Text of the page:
The FDA Continues To Drag Its Feet on Vaccine Approval
The first batch of the freshly approved Pfizer/BioNTech vaccine is now being distributed across the country, sparking hopes that we are finally turning a corner on the coronavirus pandemic. Meanwhile, the Food and Drug Administration (FDA) continues to drag its feet in approving additional vaccines.
On Friday, the FDA issued an emergency use authorization for this vaccine, allowing Pfizer to start shipping out the first of some 3 million doses from its warehouse in Kalamazoo, Michigan. By noon on Monday, some 55 locations had received their shipments of the vaccine, reports the Wall Street Journal. By Sunday, millions of doses are supposed to ship to over 1,000 locations. By the end of the year, Pfizer says 25 million doses of its vaccine will be available countrywide.
This is all great. The endless stories about healthcare workers getting the first round of vaccine shots are some of the first bits of good news to make it onto the front pages of newspapers and websites in the last nine months.
It’s nevertheless important to remember that the FDA’s approval is coming nearly two weeks after British regulators greenlighted the same vaccine, and almost a month since Pfizer/BioNTech submitted its final data for the agency to review.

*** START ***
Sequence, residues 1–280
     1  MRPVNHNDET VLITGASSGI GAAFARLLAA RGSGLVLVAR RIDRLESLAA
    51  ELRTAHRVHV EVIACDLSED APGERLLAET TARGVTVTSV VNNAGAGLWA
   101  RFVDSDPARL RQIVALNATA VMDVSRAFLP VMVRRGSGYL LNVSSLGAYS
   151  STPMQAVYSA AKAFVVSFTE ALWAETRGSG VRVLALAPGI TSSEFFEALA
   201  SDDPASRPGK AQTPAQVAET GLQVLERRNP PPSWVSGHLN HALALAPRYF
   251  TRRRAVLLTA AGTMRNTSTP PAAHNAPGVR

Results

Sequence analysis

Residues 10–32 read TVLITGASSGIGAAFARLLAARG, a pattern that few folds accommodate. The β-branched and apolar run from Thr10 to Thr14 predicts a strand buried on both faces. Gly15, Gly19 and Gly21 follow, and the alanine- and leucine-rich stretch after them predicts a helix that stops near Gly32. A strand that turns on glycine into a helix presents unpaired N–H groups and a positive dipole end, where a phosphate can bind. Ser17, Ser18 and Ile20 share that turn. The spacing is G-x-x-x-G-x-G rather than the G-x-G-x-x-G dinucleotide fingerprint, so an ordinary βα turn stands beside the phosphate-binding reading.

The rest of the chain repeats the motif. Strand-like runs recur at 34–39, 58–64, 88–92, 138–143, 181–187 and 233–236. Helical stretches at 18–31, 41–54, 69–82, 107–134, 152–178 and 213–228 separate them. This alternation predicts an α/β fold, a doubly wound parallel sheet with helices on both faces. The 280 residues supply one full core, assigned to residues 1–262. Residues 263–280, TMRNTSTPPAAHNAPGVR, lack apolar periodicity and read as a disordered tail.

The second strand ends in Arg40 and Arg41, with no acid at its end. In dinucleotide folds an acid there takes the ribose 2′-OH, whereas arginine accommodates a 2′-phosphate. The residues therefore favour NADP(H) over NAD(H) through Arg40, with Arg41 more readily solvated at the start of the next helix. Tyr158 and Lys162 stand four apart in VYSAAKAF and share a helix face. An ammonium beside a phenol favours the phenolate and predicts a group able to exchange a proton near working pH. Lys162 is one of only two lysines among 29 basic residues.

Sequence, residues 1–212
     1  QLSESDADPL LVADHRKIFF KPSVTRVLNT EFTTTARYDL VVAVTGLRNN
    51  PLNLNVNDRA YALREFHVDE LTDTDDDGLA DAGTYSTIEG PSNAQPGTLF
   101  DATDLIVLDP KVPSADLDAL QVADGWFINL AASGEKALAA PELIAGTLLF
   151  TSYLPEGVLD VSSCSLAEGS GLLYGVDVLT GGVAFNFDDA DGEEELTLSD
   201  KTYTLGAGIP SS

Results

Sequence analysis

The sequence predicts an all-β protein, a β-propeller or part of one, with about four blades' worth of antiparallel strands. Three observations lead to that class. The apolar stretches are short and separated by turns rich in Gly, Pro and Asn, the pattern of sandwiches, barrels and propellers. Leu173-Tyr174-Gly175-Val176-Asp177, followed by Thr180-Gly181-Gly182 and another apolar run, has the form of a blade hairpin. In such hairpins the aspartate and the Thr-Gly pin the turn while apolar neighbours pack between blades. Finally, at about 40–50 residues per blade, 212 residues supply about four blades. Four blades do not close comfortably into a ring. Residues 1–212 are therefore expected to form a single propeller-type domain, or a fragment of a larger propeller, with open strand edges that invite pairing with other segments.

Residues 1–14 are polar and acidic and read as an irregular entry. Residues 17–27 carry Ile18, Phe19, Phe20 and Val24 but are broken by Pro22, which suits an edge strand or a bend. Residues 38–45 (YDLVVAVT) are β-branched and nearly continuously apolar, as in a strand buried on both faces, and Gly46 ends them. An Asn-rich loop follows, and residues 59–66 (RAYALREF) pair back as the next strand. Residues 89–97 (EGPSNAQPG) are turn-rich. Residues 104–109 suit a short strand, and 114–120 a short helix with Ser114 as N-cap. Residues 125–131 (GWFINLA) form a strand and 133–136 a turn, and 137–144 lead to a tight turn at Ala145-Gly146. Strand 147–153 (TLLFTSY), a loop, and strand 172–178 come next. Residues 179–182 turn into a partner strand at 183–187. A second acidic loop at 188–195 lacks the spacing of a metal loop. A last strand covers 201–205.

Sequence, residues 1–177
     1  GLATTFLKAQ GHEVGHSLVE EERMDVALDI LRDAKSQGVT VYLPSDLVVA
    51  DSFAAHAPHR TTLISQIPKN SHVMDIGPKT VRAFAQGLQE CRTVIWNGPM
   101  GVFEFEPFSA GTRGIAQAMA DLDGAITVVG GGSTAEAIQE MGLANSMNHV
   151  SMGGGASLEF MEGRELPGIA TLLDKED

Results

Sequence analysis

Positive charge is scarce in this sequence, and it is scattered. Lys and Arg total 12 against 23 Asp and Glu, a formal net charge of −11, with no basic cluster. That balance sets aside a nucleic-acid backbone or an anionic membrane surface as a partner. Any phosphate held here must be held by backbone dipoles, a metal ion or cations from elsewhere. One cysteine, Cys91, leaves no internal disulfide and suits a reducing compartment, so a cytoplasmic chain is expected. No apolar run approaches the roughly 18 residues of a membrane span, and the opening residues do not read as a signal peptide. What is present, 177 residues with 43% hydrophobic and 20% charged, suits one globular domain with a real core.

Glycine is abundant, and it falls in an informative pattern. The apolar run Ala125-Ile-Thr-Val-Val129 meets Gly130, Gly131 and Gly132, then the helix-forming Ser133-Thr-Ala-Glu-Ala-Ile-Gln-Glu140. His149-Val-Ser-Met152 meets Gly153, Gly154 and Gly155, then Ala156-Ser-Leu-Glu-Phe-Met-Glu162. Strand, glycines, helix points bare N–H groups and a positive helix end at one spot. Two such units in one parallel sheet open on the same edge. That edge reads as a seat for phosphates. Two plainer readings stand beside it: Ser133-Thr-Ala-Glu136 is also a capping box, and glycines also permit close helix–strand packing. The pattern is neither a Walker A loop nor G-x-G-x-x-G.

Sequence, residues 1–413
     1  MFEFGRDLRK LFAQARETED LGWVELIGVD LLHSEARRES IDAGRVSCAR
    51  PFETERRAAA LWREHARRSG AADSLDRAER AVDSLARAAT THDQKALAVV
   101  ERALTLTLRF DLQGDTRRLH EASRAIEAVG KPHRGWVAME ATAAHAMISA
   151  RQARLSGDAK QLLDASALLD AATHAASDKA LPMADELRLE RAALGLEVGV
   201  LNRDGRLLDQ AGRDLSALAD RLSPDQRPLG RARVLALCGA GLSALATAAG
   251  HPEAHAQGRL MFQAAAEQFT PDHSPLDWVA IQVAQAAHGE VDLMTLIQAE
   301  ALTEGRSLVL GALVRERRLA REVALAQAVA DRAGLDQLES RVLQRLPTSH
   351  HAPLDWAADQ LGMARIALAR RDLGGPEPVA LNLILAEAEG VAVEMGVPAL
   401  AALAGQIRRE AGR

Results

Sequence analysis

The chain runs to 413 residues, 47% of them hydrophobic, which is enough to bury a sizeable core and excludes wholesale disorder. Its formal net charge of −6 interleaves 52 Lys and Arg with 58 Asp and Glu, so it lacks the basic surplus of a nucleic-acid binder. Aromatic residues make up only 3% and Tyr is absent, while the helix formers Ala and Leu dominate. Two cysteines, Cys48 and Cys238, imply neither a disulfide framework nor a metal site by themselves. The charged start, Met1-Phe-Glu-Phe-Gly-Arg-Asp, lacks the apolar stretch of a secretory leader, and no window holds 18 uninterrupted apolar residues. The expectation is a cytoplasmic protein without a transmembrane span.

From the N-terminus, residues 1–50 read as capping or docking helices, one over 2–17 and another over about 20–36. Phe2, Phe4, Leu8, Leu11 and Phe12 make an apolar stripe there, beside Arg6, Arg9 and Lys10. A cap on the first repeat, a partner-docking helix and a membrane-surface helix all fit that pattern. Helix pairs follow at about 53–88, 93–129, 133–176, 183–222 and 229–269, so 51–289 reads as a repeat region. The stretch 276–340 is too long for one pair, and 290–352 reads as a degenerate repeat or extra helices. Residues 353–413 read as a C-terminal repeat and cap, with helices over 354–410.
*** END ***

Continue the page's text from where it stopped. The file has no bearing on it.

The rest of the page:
Had the FDA acted more swiftly—say by bumping up the December 10 meeting it held to recommend approval of the Pfizer vaccine—Monday’s good news could have arrived a few weeks earlier. Meanwhile, the advisory committee tasked with evaluating another vaccine developed by Moderna is not set to meet until Thursday.
Given the slow rollout of these vaccines (slow, at least, when considered against the number of people needing to be vaccinated), it’s easy to think that the delay of a few days or weeks isn’t all that consequential.
Not so, says George Mason University economist Alex Tabarrok, who deploys some back-of-the-envelope math to argue that a few thousa
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